Climate change culture clash

With chants of “Stop mountaintop removal, it kills!” and “No more coal!” some 40 protesters—some dressed as canaries and polar bears—swarmed around the Bank of America on Patton Avenue around 2 p.m. on Aug. 13. A handful of the young activists entered the bank, where they dumped coal on the floor and locked themselves together around the neck.

It’s getting hot in here: Climate change activists swarmed around — and into — the Patton Avenue Bank of America to protest what they say is the bank’s support of coal-mining companies. photos by Jon Elliston

Within an hour, the Asheville Police Department dispatched teams of officers numbering almost as many as the protestors and stopped traffic on several blocks of Patton to deal with the situation. Before the afternoon was over, the department’s riot squad would hit the streets, and officers would make five arrests inside the bank.

Meanwhile, the protestors pranced around in front of the bank and in Pritchard Park, waving banners and chanting slogans, while scores of pedestrians and workers from nearby businesses looked on. “What’s going on?” some asked. Others decided they knew enough about the proceedings to shout their own messages to the demonstrators: “Get a job!” and “Take a bath!”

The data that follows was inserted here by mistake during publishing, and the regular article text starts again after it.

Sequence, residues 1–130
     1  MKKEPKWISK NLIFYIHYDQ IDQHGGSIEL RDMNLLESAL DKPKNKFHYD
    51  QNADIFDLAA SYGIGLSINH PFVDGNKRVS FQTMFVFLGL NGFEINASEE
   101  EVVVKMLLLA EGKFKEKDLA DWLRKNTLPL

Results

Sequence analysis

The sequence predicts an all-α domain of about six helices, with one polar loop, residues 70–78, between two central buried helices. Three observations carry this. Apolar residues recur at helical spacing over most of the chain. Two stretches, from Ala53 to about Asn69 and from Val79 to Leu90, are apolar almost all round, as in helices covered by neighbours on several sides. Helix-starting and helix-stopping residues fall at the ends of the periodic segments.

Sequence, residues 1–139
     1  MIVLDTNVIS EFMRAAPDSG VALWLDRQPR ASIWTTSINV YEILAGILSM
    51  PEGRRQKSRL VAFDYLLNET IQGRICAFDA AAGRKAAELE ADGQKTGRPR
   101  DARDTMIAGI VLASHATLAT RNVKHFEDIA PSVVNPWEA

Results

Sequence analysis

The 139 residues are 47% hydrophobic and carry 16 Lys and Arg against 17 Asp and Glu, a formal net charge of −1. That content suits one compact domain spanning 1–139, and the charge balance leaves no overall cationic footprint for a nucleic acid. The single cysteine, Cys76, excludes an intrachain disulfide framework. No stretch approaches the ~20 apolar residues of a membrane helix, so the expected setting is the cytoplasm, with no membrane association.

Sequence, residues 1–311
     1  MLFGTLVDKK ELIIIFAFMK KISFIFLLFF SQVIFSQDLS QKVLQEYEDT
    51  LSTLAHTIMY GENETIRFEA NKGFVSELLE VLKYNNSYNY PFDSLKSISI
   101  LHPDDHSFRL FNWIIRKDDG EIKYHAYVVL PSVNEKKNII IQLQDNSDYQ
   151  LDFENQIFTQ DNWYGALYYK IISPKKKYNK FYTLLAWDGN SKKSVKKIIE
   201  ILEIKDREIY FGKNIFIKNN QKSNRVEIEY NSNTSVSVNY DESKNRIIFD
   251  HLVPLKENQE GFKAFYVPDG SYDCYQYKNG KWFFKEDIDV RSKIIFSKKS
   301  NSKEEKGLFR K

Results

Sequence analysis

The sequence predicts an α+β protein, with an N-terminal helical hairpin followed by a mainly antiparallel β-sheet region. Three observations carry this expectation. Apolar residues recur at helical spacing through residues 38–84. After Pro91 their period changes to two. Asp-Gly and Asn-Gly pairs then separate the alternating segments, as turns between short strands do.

As the afternoon wound down, the crowds dissipated and the protestors went to the Buncombe County Detention Center to perform “jail solidarity” and raise bail money for their comrades.

Banking on trouble: Asheville police officers, including K-9 units, secured the outside of Bank of America while other officers made arrests inside.

Throughout the affair, it seemed that the protestors and the police knew what they were doing and why they were doing it. But for others involved—the bank’s employees, the bystanders, the employees of neighboring businesses—big questions lingered. Why target Bank of America, and why with such unconventional methods? Why such a heavy police response? And what was the point of it all?

To find the answers, a team of Xpress reporters covered the events as they unfolded, and afterwards interviewed the major players in the Monday-afternoon melee. See the following articles for the perspectives of the protesters, the police, and the local business people unexpectedly caught up in the debate about climate change.


Editor’s note: The main author of each article in this series is noted in its byline, but all of the articles drew on reporting from Xpress staffers Rebecca Bowe, Jon Elliston, David Forbes and Brian Postelle.

Sticking their necks out:
The activists’ story
by Rebecca Bowe

Dog day afternoon:
Many downtown merchants take protest spectacle in stride; others decry “spoiled brats”
by Hal L. Millard

Policing the protest:
Riot team, K-9 units—but no Tasers—deployed
by David Forbes

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About Jon Elliston
An Asheville-based mountain journalist: Former Mountain Xpress managing editor. Investigations and open government editor at Carolina Public Press. Senior contributing editor at WNC magazine.

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